- TrueUSD has a more idealistic approach to tokenizing real-world assets; it can be attractive to investors looking to lend TUSD with very low risk. It is also better understood compared to algorithmic or crypto-collateralised stablecoins like Dai, so we can expect institutional investors to be confident about adopting it.
TrueUSD also has a great potential for worldwide adoption, as TrustToken had issued stablecoins pegged to other currencies — TAUD for Aussie dollars, TGBP for British pounds, THKD for HK dollars, and TCAD for Canada dollars.
Why would an investor buy TrueUSD or other stablecoins?
Stablecoins don’t appreciate in value as they are pegged to real-world assets. This doesn’t stop investors from “investing” in stablecoins, just as they would in foreign currencies. After all, the US dollar is still currently the world’s reserve currency.
Some people would even hedge their country’s currency by investing in more stable currencies, such as British pounds, Canada dollars and Aussie dollars — each can be tokenized by TrustToken.
However, another reason to invest in TrueUSD is that it is also quite popular among DeFi applications, such as for liquidity pools and peer-to-peer lending, which allows investors to earn high-interest rates.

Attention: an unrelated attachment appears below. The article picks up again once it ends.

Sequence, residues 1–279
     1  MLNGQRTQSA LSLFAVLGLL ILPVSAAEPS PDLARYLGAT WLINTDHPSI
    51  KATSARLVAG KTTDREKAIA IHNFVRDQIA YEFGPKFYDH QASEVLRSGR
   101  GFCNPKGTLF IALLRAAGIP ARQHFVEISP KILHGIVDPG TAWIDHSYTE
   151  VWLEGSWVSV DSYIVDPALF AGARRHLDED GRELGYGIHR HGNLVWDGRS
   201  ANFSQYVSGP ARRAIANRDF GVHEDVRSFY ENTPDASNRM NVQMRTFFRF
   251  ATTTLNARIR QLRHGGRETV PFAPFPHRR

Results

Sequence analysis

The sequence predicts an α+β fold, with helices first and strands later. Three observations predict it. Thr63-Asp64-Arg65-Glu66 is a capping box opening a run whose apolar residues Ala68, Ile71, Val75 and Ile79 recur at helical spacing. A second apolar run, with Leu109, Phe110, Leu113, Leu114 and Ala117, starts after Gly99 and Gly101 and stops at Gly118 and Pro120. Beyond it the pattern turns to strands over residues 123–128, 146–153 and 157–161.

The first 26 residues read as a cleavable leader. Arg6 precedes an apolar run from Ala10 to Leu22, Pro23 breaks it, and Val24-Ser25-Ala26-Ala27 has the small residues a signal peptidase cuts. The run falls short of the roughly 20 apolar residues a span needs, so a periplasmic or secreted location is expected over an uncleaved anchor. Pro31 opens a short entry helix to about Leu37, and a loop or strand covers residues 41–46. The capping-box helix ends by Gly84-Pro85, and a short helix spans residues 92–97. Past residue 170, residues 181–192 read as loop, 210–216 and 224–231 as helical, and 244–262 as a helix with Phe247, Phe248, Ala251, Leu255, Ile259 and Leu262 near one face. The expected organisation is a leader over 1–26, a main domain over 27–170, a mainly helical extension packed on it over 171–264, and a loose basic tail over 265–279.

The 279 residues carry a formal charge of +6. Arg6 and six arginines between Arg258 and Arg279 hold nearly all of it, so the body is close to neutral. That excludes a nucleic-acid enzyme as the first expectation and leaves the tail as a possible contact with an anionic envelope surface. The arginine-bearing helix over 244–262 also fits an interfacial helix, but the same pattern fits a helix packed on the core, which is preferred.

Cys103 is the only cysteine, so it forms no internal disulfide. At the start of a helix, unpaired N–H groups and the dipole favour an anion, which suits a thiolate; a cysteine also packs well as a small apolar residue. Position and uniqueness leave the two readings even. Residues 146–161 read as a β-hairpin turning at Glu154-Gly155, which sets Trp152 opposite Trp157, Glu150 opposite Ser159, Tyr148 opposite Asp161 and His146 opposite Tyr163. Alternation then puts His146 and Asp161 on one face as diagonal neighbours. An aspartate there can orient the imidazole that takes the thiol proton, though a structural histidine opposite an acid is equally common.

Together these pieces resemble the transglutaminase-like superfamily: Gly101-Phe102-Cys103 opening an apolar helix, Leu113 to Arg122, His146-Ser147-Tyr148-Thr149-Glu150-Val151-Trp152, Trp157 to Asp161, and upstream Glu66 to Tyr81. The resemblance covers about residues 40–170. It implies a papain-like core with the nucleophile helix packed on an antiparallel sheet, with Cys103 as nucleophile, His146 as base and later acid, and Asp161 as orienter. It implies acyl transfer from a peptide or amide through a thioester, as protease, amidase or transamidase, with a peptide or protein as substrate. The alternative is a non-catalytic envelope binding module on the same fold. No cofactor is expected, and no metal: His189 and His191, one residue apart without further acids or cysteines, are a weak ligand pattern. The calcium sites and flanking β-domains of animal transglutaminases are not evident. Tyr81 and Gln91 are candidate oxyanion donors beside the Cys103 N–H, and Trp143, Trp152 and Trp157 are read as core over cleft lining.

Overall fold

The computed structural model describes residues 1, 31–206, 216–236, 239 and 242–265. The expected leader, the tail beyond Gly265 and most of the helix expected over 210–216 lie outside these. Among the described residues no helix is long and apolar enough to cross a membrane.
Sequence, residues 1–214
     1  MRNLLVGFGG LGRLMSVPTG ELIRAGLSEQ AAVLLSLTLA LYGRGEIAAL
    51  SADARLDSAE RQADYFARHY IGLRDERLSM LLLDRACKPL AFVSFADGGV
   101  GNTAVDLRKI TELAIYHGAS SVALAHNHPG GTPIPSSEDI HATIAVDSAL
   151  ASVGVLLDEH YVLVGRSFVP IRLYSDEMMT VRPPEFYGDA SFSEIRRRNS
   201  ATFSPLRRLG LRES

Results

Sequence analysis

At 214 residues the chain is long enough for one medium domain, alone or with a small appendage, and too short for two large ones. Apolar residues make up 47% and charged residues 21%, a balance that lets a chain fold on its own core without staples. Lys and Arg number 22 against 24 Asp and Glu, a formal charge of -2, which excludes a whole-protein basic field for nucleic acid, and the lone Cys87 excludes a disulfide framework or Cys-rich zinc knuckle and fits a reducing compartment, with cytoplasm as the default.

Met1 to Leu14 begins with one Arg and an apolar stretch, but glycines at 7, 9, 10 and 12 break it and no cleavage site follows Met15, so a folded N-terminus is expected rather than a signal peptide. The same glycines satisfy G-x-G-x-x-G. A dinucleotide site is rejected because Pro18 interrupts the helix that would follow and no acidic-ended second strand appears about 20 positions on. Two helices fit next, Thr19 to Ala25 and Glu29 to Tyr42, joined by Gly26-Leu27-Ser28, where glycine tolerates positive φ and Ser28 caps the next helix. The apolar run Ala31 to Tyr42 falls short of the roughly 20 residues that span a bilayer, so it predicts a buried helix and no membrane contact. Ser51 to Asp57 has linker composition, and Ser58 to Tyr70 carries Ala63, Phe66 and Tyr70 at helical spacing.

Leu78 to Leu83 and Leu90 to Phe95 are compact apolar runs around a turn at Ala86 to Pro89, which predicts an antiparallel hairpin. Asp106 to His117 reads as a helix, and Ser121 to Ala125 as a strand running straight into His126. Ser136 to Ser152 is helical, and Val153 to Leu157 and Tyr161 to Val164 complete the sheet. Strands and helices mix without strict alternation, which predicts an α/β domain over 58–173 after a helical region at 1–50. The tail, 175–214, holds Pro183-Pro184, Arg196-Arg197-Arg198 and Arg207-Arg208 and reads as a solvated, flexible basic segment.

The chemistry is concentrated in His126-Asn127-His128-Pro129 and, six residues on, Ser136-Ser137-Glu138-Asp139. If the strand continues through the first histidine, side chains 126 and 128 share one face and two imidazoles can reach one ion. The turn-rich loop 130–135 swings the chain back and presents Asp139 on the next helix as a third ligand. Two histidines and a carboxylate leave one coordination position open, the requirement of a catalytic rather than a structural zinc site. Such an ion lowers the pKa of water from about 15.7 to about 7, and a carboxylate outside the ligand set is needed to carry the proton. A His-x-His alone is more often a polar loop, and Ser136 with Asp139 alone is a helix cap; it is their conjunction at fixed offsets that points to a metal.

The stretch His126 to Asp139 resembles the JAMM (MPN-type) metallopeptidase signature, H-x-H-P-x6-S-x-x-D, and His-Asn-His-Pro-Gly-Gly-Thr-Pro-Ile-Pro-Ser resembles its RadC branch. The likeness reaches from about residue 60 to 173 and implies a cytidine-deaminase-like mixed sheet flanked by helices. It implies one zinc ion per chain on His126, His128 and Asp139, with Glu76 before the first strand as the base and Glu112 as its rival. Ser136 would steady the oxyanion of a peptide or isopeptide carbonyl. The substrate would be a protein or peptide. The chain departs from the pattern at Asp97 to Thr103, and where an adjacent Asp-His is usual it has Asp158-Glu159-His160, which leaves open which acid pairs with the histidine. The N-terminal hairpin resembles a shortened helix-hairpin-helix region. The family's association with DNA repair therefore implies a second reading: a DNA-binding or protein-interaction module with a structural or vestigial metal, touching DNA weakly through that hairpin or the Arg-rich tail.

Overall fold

With a near-zero risk of having liquidity problems, TrustToken can theoretically issue as much TUSD as demanded by users and can supply exactly the same amount of dollars that TUSD holders demand. This feature is what makes TUSD attractive to investors large and small.
How to Buy TrueUSD (TUSD) in South Africa
What are your own thoughts on the TrusUSD (TUSD) stablecoin?
The inherent stability of stablecoins such as TUSD provides them many utilities outside of just a medium of exchange. TUSD can be a way for you to diversify your investment portfolio, as well as make it easy to send international remittances, amongst other things.
Here at Easy Crypto South Africa, we aim to make crypto easy, simple, and accessible for everyone. Buy, sell, and exchange a wide range of cryptocurrencies with South African Rand (ZAR).
TrueUSD (TUSD) is just one of over 160+ altcoins that we offer at Easy Crypto South Africa. Our collection consists of NFT tokens, Metaverse, DeFi, stablecoins and many more.
Note: As of publication, Easy Crypto South Africa has not yet listed TUSD on our platform. But keep your eyes peeled for when we eventually add this stablecoin for our users to buy!
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Disclaimer: Information is current as at the date of publication. This is general information only and is not intended to be advice. Crypto is volatile, carries risk and the value can go up and down. Past performance is not an indicator of future returns. Please do your own research.
Last updated Jan 20, 2023